Police are to initiate inquiries into a key prosecution witness following the collapse of the trial of an elderly couple accused of killing their disabled granddaughter.
Director of Public Prosecutions Barra McGrory QC has asked PSNI Chief Constable Matt Baggott to consider whether a criminal offence may have been committed.
David and Sarah Johnston were acquitted of Rebecca McKeown’s manslaughter after the trial was halted in May.
The severely disabled teenager died from pneumonia and the prosecution claimed that the 14-year-old developed the illness after she was injured during a sexual assault while in her grandparents’ care.
A Public Prosecution Service (PPS) spokesperson said: “Following a careful examination of the issues arising from the evidence of a key prosecution witness at the trial of R-v- David and Sarah Johnston, the Director of Public Prosecutions for Northern Ireland, Barra McGrory QC ... has requested the Chief Constable to ascertain and provide information to him on the grounds that a criminal offence may have been committed.”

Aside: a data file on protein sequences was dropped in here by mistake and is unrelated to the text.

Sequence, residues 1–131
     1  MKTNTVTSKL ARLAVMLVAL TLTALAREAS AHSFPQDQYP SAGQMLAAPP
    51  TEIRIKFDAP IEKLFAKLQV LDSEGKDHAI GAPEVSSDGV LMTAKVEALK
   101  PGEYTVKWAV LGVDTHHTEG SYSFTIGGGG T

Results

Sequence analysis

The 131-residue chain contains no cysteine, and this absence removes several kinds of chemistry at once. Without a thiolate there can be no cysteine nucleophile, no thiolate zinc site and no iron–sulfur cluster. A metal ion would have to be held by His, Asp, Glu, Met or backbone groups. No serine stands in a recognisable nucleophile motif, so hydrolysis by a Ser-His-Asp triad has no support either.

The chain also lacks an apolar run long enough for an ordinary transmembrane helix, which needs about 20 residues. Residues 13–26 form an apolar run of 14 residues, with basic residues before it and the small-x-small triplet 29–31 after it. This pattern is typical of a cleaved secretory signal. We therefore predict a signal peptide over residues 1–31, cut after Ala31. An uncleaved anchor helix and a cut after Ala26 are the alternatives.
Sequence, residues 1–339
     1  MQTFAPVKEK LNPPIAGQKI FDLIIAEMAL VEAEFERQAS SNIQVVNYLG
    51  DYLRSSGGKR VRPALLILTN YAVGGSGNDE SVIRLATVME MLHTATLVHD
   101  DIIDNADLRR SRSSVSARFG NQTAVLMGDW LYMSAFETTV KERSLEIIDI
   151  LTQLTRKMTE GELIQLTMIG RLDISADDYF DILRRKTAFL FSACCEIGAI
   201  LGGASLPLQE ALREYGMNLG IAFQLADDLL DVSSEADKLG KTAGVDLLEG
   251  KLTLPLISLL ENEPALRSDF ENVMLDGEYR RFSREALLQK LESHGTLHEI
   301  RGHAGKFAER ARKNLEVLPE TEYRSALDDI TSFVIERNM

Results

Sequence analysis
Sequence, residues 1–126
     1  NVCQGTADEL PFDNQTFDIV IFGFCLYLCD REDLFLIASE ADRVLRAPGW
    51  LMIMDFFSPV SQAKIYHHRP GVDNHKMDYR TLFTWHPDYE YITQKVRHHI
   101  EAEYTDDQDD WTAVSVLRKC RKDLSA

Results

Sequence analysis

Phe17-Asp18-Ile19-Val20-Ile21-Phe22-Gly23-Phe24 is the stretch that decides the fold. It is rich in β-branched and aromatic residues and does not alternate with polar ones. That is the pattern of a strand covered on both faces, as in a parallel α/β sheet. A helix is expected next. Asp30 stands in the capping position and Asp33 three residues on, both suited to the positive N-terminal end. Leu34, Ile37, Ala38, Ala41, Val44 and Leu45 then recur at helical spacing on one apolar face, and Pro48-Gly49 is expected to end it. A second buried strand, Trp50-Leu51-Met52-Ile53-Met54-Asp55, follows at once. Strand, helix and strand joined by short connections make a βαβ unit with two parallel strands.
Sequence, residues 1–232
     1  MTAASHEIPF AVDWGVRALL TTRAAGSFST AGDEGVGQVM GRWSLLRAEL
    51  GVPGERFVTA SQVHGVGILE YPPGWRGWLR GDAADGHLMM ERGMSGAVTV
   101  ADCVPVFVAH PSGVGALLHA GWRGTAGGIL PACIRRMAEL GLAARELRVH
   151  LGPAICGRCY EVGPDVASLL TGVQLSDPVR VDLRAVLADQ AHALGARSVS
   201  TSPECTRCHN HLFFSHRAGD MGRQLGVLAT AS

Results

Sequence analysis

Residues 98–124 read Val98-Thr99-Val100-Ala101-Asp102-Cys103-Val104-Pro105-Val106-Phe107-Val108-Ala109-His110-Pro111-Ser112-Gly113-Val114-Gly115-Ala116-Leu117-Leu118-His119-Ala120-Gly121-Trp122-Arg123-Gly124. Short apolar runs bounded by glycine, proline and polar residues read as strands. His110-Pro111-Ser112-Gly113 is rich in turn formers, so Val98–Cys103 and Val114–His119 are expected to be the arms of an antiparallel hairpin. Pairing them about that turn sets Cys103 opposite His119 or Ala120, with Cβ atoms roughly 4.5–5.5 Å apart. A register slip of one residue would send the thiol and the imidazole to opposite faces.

In May the PPS said the decision to discontinue the prosecution was taken “as a result of the evidence given by a witness and medical experts at trial”.
Referring to the testimony of Dr Mary Donnelly, the locum GP who examined the teenager five days before her death, the PPS said that on the morning she was due to give evidence the doctor “provided an additional account of her examination of Rebecca”.
It said: “This account had not previously been given by the witness to either the police or prosecution over the preceding 11 years.”
Rebecca died in hospital in March 2001. Mr and Mrs Johnston, from Carwood Drive, Glengormley, County Antrim, denied manslaughter and child cruelty charges against Rebecca.
The judge directed the jury to acquit the couple after the prosecution collapsed in the face of evidence that cast doubt on the cause of death and revealed a new possible cause of injury to Rebecca.
During the trial the prosecution claimed that Rebecca’s pneumonia was a direct result of blood loss and shock that she suffered following an alleged sexual assault at the hands of one or other of her grandparents.
But the PPS decided to offer no further evidence following the testimony of Dr Donnelly and that of the state pathologist for Northern Ireland, Professor Jack Crane.
Dr Donnelly admitted for the first time, 11 years after examining the profoundly disabled child, that two of her fingers “unintentionally” slipped inside her.
Professor Crane said that he could not be sure that the laceration had led to the pneumonia which killed Rebecca.